18 The Internal Environment Life Expectancy of Sustained Competitive Advantage Switching Costs Between Rivals: the easier it is to switch, the easier it is to take away competitive advantage Example: Difficulty in switching between office systems management service providers versus ease of switching between office supplies provider.

19 Internal Factor Analysis Summary

20 §Same basic procedure as the External Factor Analysis Summary. §See page 101 and 102 of the text for more discussion of the IFAS.

21 Internal Scanning Example: Proctor & Gamble (circa 1992) Resources Research and Development P&G invests 4% of worldwide sales in research and development ahead of most of its global competitors. In this amounted to $1.5 billion. P&G has a world class, global research and development organization, with over 7,500 scientists working in 22 research centers in 12 countries around the world. Innovative Workforce P&G holds more than 24,000 active patents worldwide, and on average, receives about 3,800 more patents per year. This makes P&G among the world's largest holders of U.S. and global patents, putting it on a par with Intel, Lucent and Microsoft.

22 Proctor & Gamble Capability Directed growth and maximized chances of success by leveraging considerable technical competencies across product categories and national boundaries. Competencies A deep understanding of consumers, their habits and product needs. The ability to acquire, develop and apply technology across P&G's broad array of product categories. The ability to make "connections" between consumers' wants and what technology can deliver Strategic Issue Market research revealed brand loyal consumers were paying $725/year more than families buying private-label or store brands.  Need new strategy to reduce costs and better meet consumer demand 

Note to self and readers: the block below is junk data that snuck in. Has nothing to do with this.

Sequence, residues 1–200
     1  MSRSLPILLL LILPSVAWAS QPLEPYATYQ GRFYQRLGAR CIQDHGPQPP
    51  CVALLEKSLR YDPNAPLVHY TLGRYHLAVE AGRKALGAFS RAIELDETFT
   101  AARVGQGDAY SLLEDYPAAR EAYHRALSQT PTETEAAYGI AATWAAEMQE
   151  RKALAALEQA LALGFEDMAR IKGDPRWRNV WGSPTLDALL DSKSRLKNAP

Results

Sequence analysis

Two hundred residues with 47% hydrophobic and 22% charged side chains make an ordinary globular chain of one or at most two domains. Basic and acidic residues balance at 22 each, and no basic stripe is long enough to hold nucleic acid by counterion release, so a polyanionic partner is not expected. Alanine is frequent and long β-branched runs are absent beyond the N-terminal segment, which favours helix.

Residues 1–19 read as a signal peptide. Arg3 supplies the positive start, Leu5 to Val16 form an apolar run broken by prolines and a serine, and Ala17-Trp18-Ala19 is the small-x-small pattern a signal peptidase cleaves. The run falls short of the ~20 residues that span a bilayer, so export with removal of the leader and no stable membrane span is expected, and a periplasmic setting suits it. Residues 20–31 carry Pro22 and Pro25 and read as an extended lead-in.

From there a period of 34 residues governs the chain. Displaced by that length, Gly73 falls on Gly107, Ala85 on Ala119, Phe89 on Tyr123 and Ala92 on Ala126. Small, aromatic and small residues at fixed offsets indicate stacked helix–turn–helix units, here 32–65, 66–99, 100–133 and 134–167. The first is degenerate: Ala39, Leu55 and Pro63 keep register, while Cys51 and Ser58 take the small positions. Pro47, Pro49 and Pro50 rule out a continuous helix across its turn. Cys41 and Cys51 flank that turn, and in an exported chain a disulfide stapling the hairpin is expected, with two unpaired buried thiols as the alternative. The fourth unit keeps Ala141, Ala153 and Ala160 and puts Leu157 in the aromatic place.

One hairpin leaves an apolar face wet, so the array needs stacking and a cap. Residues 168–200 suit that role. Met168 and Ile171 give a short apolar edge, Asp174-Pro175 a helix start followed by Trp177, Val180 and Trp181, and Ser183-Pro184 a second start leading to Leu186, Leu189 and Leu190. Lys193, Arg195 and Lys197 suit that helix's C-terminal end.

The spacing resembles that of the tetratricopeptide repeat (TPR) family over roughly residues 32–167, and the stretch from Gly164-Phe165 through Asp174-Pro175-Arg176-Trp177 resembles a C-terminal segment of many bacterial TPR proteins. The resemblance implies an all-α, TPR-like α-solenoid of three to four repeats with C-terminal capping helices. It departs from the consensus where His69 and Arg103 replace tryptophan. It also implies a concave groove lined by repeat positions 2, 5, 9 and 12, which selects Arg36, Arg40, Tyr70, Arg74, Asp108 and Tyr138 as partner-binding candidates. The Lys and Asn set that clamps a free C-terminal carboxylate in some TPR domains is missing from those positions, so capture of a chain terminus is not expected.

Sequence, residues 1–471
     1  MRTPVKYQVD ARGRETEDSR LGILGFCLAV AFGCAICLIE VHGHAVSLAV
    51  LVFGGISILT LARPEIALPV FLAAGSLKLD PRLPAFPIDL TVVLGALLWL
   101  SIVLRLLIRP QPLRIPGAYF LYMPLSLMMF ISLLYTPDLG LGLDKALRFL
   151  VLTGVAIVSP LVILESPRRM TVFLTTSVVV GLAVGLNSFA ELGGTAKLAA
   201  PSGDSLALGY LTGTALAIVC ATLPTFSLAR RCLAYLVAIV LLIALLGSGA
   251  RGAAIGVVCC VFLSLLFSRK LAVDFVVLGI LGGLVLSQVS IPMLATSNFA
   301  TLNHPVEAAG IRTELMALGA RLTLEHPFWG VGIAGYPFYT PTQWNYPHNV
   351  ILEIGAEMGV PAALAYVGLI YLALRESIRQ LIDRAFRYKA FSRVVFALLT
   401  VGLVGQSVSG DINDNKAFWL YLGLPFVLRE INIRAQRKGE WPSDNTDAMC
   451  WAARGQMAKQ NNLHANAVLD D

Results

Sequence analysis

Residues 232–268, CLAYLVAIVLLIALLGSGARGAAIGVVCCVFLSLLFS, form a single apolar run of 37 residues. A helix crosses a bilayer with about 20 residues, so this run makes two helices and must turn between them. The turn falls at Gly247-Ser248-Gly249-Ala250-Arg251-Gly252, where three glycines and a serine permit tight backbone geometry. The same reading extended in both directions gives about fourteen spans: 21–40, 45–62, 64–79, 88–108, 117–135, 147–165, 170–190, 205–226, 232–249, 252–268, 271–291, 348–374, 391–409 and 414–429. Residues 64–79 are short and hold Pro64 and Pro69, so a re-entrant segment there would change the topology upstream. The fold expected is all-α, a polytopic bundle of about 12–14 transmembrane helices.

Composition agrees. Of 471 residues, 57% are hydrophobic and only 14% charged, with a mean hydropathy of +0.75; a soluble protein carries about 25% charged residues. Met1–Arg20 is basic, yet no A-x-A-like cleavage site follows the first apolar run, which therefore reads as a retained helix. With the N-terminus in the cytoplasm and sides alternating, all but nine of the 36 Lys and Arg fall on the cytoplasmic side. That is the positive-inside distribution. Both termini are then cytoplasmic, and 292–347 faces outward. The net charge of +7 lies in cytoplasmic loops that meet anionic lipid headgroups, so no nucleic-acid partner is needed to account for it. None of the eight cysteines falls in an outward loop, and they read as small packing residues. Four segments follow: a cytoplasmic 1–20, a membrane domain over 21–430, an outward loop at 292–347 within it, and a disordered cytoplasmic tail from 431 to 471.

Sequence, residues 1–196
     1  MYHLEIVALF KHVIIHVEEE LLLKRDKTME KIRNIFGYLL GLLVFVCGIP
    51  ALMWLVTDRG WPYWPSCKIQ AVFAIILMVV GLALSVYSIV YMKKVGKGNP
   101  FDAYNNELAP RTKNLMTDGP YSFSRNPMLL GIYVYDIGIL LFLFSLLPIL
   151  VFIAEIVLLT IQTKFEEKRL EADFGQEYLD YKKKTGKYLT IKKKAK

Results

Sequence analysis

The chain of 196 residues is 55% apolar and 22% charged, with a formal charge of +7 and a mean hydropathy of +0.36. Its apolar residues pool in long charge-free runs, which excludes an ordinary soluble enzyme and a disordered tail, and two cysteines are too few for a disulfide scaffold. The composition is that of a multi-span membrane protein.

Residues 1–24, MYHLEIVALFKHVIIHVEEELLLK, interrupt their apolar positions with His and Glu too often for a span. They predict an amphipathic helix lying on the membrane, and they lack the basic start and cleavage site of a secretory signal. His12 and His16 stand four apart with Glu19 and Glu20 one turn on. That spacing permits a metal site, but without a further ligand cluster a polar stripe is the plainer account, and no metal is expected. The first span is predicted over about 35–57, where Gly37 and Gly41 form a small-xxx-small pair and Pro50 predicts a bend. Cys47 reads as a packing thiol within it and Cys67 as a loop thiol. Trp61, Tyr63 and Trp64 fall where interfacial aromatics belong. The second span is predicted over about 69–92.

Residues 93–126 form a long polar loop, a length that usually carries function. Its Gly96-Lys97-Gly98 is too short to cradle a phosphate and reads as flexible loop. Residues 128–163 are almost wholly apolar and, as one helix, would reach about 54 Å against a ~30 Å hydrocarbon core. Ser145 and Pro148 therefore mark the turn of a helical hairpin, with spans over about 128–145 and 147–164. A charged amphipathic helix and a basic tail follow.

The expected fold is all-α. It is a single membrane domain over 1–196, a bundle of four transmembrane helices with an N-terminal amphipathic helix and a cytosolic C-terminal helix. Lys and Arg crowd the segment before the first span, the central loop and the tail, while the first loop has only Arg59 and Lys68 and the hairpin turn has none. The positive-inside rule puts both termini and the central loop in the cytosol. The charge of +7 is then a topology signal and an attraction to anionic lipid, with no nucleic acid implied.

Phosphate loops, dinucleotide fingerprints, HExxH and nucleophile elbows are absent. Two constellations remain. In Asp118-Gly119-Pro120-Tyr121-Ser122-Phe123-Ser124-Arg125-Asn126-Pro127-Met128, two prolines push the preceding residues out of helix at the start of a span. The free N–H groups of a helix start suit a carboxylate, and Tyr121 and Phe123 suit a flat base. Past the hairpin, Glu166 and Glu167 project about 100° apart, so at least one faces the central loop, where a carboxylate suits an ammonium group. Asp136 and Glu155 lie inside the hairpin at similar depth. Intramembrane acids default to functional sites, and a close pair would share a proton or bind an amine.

23 Factors for Assessment: §Technology Development (R&D): was the initiator of product development, produced technologically superior productS §Firm Infrastructure: Relationship between R&D and Marketing & Sales -- Marketing released new products under new brand names §Marketing & Sales: complex with 17 pricing brackets for 34 product categories §Manufacturing: Capacity utilization averaged about 55%, with excess needed to handle bubble demand brought on by occasional price wars §Outbound Logistics: heavily paper-laden Methods for Assessment: Organizational Perspective: §Superior products no longer matched needs of marketplace, particularly in §developing markets. §Devolve products – less technology, lower price. §Put marketing research in charge of setting initial new product development §guidelines. §Improve internal processes for product development.

24 Methods for Assessment: Customer value: §Brand equity for existing brands is high (e.g. Ivory). Release new developments under existing brand names rather than creating new ones. Improve customer value by strengthening brand relationship to new products. Financial Perspective: §Outbound logistics unnecessarily expensive. Work with industry stakeholders, including competitors, to simplify delivery system through standardization and computerization. Improves industry’s profitability. §Reduce number of brands and product lines. Simplifies manufacturing process and eliminate slack in capacity utilization. Better ROA, and hopefully better P/E ratio.